An honest observation from IT services in the Philippines: It looks like organizations are eager to migrate most of its SharePoint workloads to cloud services. That’s why we are wondering, “Why did Microsoft devise a ‘hybrid architecture,’ and how will businesses benefit from it?”
The truth is that many organizations can transfer some of SharePoint’s functions to the cloud, while some even function well if they remain in on-premises SharePoint.
Things to Consider in SharePoint to Microsoft Office 365 Migration:
It seems that the most commonly stated reason for keeping data on-premises is its relative safety. However, in reality, there seems to be less danger in the cloud. And, if businesses use a hybrid model, they will have to practice procedures as if they have fully migrated to the cloud.
Some regulatory requirements are much more practical to achieve in the cloud. Let’s say for instance, RMS is often required for compliance; and, in the cloud, this type of configuration can be disregarded.
Being Able to Customize
In reality, there are tasks that are more suitable for cloud hosting than others. A number of businesses have dedicated a portion of their budget to a highly customized Intranet and it seems that most are in an older version of SharePoint.
The Ability to Integrate to a Line of Business
Users are used to rapid intranet load speeds, which may be hard to achieve via cloud hosting. Also, performance may be a challenge, if you have any line of business integration in mind.
Team Sites are, most of the time, quite direct in their configuration and use unique designs. This is a situation where an organization might decide to migrate and/or adopt a hybrid model, and retaining their intranet on-premises. An additional benefit of a gradual or partial migration is that end users, IT pros, and web developers will begin to adopt the new ways of working over a period of time.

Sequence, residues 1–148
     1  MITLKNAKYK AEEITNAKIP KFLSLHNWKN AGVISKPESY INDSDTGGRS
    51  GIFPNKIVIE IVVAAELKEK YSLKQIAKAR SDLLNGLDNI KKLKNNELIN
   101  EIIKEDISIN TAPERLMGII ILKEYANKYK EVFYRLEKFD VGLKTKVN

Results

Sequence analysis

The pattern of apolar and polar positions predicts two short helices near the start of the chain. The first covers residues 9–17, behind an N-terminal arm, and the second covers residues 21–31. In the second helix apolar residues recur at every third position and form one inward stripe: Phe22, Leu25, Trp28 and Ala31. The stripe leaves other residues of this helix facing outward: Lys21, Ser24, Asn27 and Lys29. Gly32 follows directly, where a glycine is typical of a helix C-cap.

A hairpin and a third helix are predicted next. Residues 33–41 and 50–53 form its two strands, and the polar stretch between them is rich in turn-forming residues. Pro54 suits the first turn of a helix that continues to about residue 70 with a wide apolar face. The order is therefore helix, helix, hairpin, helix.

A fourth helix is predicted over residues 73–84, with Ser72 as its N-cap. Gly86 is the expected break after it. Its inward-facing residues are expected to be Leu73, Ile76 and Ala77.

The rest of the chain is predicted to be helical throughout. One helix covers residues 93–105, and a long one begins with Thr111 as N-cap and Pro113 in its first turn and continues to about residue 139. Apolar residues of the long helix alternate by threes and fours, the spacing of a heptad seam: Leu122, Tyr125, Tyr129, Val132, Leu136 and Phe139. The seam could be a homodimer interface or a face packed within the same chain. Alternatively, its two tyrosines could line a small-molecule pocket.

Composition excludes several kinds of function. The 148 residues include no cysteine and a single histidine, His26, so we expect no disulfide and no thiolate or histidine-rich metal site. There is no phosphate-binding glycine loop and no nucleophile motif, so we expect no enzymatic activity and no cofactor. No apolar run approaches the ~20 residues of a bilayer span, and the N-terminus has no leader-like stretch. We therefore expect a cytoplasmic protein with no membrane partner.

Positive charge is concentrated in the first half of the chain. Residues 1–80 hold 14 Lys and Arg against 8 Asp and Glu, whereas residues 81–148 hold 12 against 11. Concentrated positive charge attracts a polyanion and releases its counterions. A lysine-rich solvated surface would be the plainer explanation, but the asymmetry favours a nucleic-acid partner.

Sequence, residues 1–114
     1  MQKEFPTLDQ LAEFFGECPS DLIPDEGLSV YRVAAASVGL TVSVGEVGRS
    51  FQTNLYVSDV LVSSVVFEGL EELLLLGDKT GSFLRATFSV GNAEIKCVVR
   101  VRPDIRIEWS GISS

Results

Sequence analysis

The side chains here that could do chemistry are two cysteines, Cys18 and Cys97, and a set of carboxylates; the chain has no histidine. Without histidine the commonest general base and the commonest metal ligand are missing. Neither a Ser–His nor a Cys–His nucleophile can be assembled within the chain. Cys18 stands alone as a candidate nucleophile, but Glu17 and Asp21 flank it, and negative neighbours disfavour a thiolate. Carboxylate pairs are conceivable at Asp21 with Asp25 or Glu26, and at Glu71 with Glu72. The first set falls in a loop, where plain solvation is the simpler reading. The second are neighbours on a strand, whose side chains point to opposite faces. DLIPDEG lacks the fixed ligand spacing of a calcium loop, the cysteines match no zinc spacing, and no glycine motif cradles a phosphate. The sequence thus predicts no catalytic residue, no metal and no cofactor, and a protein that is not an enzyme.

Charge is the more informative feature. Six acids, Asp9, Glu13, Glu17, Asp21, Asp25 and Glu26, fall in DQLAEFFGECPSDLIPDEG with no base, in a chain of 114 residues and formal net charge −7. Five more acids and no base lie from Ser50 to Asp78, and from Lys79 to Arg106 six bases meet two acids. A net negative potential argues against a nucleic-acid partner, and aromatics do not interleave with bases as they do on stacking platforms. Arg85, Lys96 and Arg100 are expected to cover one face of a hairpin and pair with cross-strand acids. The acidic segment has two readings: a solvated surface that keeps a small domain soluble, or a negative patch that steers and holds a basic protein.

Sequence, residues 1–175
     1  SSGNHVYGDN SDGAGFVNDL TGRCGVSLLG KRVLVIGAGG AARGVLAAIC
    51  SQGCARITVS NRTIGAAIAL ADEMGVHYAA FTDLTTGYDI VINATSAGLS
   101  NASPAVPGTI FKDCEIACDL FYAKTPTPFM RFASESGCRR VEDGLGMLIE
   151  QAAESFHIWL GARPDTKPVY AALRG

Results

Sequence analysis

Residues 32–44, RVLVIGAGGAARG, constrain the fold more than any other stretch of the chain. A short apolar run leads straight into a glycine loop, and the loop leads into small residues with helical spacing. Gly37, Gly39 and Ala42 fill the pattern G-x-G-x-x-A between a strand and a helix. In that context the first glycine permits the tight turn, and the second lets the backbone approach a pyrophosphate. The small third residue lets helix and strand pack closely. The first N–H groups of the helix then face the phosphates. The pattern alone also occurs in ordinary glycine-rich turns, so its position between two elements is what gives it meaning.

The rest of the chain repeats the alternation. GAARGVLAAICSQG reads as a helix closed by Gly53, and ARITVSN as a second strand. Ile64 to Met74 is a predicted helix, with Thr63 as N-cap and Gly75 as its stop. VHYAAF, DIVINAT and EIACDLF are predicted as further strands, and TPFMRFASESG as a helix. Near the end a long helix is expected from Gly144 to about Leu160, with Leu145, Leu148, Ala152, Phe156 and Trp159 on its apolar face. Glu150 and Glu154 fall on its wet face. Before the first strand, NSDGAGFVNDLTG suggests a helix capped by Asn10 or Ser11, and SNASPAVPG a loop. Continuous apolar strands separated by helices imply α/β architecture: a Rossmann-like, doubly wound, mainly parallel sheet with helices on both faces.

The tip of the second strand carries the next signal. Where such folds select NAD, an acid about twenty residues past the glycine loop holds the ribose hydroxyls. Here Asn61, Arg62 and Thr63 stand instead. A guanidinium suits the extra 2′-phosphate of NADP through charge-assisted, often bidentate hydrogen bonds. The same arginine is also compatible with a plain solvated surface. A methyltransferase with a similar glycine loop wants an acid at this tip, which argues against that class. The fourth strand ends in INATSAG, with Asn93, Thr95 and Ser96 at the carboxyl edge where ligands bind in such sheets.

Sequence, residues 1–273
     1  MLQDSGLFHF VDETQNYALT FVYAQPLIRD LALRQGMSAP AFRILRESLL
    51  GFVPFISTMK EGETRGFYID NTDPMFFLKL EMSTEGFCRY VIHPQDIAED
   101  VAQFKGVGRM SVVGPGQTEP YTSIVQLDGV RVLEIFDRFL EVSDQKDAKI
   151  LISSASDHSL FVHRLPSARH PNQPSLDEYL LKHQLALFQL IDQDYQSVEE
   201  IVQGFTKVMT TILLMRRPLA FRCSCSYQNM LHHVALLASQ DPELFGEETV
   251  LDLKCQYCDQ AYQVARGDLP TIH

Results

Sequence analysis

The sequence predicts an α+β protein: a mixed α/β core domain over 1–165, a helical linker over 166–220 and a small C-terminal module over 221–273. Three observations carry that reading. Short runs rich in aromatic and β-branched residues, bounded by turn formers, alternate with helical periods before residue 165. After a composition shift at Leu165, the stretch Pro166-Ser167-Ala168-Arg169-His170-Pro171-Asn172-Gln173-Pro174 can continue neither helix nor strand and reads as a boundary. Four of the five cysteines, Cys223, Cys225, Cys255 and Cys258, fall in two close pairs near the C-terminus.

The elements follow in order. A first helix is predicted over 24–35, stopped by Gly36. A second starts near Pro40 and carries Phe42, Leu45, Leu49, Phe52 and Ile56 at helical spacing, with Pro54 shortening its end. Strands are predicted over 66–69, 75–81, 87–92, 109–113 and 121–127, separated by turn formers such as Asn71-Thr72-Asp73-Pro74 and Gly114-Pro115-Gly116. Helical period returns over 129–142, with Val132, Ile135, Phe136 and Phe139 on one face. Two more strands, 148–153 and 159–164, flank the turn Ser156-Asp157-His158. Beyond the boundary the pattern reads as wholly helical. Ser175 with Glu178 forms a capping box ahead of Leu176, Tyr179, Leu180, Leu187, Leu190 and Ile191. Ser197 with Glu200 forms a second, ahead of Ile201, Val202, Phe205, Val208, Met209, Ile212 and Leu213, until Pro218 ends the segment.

One of the main challenges keeping organizations away from using the hybrid model is because it is quite technical to use. From a user perspective, the integrated search is probably the strongest edge. However, shared services in a hybrid environment need to be set up. And afterwards, once these are set up, the search software needs continual access to the source data; so the organization is going to require complex firewalls to allow the official access while preventing outside hazards.
Is It Worth It to Upgrade… Then Afterwards, to Move?
Do you think that the on-premises version of SharePoint creates a difference to the decisions that were already made about going hybrid? Microsoft’s “cloud first” prototype as well as the latest mechanism for upgrades, is predicted to bring a crucial degree of robustness. And so, we may expect lower prices of ownership to SharePoint in the coming years. So in general, what we suggest is that most organizations should upgrade their systems before they decide to implement the migration to hybrid architecture.